“‘Steve taught me well: never to get married to your convictions of yesterday. To always, if presented with something new that says you were wrong, admit it and go forward instead of continuing to hunker down and say why you’re right.’”
— Tim Cook, CEO of Apple
That is one key life lesson that Tim Cook, CEO of Apple AAPL,
Cook made the remark in an interview with GQ, published online April 3, in which the current Apple leader offered some insights into the company’s latest tech dalliance — with augmented and virtual reality.
But the notion espoused by Jobs of not being wedded to any one idea is an important piece of plainspoken wisdom and echoes views held by other sages, including Ralph Waldo Emerson, the putative leader of the Romantic and Transcendental movement in American literature in the 19th century.
“A foolish consistency is the hobgoblin of little minds, adored by little statesmen and philosophers and divines,” Emerson wrote in his famous essay “Self-Reliance.”
As GQ documents in its interview, Apple’s inventions, “starting with 1976’s Apple I and 1977’s Apple II, and continuing through the iMac, the iPod, the iPhone, the iPad, the Apple Watch, and AirPods,” have been seen by many as seminal in consumer-focused gadgetry.
Jobs was known as a person who viewed failure as an opportunity for reinvention, especially if you were eager to acknowledge your weakness and figure out ways to fix it.
Despite taking over from a leader who boasted a passionate following, Cook hasn’t wilted in the role, presiding over a hugely popular enterprise. Apple became the first company to be valued at $3 trillion early last year (it is currently valued at around $2.5 trillion), and its share-price increase over the past five years of more than 230% has far outpaced the S&P 500 SPX,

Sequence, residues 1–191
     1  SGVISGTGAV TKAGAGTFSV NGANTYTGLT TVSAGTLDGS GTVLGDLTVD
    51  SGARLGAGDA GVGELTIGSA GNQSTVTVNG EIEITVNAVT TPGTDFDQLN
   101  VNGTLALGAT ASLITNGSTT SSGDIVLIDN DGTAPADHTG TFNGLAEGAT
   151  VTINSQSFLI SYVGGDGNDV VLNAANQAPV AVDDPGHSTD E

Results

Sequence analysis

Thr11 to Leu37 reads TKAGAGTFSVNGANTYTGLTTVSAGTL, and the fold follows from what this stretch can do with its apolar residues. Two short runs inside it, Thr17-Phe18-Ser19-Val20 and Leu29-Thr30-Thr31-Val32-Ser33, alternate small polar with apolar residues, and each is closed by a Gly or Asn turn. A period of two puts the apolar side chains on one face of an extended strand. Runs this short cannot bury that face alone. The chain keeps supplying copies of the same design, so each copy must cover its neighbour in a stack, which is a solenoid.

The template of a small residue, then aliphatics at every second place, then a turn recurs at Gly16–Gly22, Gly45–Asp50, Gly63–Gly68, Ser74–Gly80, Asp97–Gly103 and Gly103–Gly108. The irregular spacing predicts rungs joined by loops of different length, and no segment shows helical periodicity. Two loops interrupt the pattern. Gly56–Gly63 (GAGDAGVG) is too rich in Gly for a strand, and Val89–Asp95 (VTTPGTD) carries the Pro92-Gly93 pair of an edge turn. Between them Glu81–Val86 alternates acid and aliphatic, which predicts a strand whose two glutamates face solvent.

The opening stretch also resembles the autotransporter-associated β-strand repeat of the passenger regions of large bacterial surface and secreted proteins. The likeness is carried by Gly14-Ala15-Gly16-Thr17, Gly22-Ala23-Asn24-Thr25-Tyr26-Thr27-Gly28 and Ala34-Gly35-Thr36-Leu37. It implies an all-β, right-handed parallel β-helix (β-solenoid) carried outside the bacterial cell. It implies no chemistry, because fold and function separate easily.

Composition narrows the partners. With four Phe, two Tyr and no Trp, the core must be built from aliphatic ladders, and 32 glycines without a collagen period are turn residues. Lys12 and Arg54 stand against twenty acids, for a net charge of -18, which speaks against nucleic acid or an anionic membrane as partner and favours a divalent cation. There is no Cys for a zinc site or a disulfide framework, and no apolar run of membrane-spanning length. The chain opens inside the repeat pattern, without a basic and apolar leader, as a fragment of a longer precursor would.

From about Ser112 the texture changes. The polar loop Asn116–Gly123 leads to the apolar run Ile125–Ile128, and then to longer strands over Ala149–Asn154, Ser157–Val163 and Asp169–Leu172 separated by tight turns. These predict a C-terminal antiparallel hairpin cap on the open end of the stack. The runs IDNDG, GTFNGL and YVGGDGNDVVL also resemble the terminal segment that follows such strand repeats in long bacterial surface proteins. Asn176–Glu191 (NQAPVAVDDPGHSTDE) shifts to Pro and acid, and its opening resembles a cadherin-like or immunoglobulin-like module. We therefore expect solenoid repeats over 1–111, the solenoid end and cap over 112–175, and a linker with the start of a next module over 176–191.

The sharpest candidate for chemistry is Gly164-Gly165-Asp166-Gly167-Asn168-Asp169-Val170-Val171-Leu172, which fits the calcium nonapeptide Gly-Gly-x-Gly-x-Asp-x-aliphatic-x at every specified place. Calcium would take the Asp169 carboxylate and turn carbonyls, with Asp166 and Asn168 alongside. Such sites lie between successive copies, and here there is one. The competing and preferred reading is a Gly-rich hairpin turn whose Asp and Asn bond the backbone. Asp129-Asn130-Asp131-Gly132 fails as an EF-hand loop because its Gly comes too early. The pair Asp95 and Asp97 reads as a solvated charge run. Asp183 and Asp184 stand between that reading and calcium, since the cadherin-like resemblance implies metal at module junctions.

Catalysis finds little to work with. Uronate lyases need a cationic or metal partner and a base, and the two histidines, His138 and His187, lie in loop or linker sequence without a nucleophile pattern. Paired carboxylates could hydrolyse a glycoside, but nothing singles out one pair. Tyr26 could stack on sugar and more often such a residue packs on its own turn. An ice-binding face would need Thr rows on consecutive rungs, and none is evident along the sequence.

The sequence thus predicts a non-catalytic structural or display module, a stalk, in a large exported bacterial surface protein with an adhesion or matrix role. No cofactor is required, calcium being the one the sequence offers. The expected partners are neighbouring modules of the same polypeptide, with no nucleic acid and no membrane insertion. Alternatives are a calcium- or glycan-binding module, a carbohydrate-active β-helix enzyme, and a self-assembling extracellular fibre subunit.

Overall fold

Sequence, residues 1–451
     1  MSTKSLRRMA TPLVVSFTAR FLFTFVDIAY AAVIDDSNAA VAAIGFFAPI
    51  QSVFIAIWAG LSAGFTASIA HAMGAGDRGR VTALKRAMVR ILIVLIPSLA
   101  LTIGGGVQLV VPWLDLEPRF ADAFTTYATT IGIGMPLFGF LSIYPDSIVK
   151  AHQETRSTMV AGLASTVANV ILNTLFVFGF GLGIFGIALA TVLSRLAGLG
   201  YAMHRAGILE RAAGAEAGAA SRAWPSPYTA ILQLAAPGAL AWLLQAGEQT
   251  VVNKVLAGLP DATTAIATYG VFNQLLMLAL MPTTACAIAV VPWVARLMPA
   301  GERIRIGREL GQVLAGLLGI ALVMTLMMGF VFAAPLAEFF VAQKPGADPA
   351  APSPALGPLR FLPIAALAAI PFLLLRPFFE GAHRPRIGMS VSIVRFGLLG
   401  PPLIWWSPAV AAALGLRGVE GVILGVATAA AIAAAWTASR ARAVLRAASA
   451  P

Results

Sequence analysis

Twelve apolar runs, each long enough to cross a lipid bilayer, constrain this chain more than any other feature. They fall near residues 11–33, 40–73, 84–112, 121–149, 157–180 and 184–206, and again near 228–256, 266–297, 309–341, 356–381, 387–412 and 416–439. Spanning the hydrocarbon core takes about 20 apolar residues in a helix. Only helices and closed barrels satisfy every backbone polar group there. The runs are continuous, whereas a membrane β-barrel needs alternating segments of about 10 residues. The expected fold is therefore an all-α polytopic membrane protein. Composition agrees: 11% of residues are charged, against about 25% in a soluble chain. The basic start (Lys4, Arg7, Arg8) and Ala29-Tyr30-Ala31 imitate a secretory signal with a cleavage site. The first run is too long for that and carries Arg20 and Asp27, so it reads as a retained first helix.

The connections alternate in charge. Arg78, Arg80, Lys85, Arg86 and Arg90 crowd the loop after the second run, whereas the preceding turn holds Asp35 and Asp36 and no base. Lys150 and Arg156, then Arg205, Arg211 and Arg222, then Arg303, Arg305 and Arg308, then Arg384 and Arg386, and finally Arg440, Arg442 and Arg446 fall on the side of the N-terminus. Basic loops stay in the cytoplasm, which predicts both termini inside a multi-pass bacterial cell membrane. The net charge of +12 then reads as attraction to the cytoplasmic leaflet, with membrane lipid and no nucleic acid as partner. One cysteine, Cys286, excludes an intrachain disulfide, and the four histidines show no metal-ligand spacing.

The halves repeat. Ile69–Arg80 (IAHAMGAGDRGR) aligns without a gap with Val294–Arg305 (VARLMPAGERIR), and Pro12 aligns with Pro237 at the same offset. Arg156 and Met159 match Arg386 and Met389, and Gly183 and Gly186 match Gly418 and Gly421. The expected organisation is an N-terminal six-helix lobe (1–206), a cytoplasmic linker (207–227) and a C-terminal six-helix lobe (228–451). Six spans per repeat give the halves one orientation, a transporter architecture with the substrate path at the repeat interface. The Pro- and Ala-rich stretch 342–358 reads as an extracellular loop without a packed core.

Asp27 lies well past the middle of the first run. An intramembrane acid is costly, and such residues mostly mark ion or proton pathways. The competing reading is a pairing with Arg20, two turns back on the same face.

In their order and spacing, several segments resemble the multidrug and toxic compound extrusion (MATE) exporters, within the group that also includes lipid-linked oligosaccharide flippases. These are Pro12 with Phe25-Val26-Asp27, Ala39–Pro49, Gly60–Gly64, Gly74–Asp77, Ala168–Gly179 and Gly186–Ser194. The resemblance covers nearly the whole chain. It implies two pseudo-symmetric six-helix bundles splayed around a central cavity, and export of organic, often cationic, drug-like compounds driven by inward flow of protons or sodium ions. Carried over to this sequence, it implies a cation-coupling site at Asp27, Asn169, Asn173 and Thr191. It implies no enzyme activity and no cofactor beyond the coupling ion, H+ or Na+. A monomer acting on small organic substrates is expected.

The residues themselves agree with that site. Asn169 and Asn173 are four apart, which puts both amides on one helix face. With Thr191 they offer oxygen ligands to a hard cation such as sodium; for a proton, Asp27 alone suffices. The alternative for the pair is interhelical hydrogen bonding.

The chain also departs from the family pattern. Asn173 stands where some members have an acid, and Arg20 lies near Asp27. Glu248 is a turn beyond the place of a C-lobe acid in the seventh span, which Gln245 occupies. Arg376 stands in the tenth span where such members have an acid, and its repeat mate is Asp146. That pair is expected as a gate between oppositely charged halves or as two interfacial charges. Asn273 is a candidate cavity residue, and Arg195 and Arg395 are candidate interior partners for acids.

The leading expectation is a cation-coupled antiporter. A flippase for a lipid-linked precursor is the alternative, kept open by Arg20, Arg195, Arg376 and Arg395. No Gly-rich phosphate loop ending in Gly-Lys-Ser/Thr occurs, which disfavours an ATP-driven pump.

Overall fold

April is National Financial Literacy Month, a good time to embrace the lesson Cook absorbed from Jobs, especially as investors navigate a financial landscape that is rapidly shifting from one of superlow rates to a much higher interest-rate regime. Investors will need to avoid dogmatism and remember that the strategies that worked in the past may not be suited for what lies ahead.
That is to say, the ability to be nimble and make adjustments on the fly may be the key to success for leaders and investors.
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From the archives (October 2011): Steve Jobs: MarketWatch’s CEO of the Decade
April is National Financial Literacy Month. To mark the occasion, MarketWatch will publish a series of “Financial Fitness” articles to help readers improve their fiscal health, and offer advice on how to save, invest and spend their money wisely. Read more here.